If such reports are true, President Bush is in the throes of the process of relapse. It is important to understand the process. He may have one drink in a sitting, or 16. The ability to have only one will make him believe he can control how much he drinks. Distortions of perception will make him think he is in control over his behaviors. The distortions themselves will prevent him from realizing he is the cause of his problems, not his staff or the American people. Because the distortions will make him believe he can do no wrong, he will be incapable of identifying alcohol as the problem. Our best hope is that Laura will do now what she did when Bush hit 40: offer a choice and let him know she will act on that decision, role as First Lady be damned.....

Runners-up for top story of the month:

Many of these are from September (October was a slow month for such news), but they’re really good.

Supermodel Kate Moss, 31, who has a two-year-old daughter, in rehab after being photographed allegedly snorting cocaine with her drug-addicted lover Pete Doherty looking on; according to reports, she combined the drug with champagne and vodka cocktails. Insisting she didn’t touch drugs, she went into a tirade of four letter words when reporters questioned her. Regularly using foul language is clue number 2 under “Supreme Being complex” in How to Spot Hidden Alcoholics.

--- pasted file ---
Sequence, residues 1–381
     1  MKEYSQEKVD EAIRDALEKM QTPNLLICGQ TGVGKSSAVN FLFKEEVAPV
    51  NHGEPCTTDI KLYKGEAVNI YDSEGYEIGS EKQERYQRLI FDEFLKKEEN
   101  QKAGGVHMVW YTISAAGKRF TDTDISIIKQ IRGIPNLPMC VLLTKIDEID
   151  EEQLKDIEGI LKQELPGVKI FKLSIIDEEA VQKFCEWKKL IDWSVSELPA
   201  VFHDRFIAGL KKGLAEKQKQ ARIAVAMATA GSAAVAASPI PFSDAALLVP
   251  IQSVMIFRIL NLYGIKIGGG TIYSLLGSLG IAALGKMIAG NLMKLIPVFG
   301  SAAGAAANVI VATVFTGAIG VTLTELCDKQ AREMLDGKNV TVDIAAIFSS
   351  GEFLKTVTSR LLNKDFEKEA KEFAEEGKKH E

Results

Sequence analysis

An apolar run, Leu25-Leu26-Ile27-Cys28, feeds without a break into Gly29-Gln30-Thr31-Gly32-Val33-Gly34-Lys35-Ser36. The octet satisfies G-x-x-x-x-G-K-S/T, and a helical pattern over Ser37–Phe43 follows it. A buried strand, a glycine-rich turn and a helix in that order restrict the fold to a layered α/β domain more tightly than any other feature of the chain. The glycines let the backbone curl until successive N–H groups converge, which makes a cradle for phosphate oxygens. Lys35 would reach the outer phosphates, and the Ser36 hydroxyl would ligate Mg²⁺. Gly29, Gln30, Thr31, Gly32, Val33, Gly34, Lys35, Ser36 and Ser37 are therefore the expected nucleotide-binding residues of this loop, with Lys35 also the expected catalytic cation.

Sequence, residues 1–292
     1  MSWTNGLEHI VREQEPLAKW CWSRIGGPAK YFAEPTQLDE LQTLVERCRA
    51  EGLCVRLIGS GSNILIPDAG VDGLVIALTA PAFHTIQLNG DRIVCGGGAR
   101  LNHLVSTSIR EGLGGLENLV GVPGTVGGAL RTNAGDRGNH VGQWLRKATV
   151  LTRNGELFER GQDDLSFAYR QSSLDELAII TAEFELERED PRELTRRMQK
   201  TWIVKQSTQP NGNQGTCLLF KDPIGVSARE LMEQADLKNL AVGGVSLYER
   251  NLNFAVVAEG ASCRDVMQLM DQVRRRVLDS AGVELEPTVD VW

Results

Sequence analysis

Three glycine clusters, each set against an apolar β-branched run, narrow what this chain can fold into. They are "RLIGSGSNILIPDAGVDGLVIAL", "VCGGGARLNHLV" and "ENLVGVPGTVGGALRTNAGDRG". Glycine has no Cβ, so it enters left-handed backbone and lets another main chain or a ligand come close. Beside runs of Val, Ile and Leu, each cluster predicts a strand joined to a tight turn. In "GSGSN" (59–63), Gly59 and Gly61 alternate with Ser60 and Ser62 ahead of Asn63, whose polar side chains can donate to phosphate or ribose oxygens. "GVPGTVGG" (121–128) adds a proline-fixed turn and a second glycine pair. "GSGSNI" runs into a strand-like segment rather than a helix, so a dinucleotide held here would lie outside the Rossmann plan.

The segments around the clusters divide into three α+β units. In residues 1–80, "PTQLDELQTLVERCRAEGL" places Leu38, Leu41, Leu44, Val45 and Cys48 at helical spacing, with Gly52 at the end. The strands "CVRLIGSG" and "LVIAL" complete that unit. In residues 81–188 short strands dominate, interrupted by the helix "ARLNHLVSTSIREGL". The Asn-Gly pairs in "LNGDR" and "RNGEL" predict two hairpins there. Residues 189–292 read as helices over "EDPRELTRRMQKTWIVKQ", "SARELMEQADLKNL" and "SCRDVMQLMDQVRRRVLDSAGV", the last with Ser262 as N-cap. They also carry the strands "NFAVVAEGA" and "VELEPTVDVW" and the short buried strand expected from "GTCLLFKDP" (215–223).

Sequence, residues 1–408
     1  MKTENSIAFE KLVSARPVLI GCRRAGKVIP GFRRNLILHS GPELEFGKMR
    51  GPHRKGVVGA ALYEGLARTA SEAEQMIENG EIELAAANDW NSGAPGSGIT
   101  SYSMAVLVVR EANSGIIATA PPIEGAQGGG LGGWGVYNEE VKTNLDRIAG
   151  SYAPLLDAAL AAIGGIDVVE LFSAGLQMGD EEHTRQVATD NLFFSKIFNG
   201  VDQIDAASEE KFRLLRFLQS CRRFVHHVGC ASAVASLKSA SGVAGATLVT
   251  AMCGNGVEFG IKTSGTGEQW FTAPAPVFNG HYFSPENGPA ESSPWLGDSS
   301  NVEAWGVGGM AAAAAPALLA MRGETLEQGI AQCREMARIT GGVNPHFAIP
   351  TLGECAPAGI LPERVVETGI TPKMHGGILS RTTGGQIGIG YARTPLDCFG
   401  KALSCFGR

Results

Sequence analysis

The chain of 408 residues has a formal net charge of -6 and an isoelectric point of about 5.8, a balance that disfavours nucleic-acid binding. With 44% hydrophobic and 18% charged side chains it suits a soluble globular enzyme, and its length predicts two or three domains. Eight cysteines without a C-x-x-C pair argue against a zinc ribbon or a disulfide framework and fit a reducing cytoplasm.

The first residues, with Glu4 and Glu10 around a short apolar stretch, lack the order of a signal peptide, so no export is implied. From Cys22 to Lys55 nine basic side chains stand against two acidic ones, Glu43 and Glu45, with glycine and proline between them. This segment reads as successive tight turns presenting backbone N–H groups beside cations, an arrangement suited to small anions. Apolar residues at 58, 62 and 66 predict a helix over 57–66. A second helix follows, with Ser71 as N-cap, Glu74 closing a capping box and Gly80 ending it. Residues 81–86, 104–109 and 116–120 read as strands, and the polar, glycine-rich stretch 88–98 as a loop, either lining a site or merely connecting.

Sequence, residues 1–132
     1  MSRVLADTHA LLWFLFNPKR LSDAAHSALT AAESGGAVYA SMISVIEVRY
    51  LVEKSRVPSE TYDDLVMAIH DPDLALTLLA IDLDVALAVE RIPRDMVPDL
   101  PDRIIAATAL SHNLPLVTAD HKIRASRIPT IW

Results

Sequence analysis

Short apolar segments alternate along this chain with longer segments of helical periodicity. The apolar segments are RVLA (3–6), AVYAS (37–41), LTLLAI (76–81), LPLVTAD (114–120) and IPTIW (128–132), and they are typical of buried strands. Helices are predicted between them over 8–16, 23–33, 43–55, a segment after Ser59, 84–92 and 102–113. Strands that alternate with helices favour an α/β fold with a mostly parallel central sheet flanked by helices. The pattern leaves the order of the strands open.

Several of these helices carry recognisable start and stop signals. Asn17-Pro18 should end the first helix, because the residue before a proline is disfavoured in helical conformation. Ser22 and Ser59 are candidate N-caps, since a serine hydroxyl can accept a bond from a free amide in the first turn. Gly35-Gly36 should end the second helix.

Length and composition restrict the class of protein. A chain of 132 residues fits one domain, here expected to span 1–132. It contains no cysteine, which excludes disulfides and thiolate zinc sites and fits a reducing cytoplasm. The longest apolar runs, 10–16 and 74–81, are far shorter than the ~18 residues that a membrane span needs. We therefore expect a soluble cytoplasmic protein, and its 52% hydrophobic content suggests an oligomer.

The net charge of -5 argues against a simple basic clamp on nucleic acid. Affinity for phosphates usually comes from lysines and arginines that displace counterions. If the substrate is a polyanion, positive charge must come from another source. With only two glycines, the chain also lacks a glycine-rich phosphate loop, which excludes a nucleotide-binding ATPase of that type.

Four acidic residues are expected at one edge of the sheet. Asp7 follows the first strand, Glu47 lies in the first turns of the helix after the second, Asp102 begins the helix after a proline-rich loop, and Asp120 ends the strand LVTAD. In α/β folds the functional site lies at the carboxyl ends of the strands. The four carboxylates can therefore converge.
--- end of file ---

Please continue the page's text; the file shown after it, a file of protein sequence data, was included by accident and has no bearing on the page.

O.J. Simpson, celebrating the ten year anniversary of his acquittal. When asked by a friend how he would celebrate, O.J. reportedly responded, “I’m going to light up a joint, have a drink and toast those wonderful people who found me not guilty.” In the meantime, the criminal investigation arm of the IRS has reportedly nailed O.J.’s former business manager Mike Gilbert for fraud. The probe is now reportedly centering on O.J. for failing to report almost $1 million in income from public appearances and autograph sessions that Gilbert arranged. Gilbert is cooperating with authorities (he received funds for O.J., out of which he says he kept a 20% commission) and says, “I’ve ended up as just another life he’s destroyed.” I wonder how many more relationships O.J. will ruin and lives he will destroy before he gets clean and sober.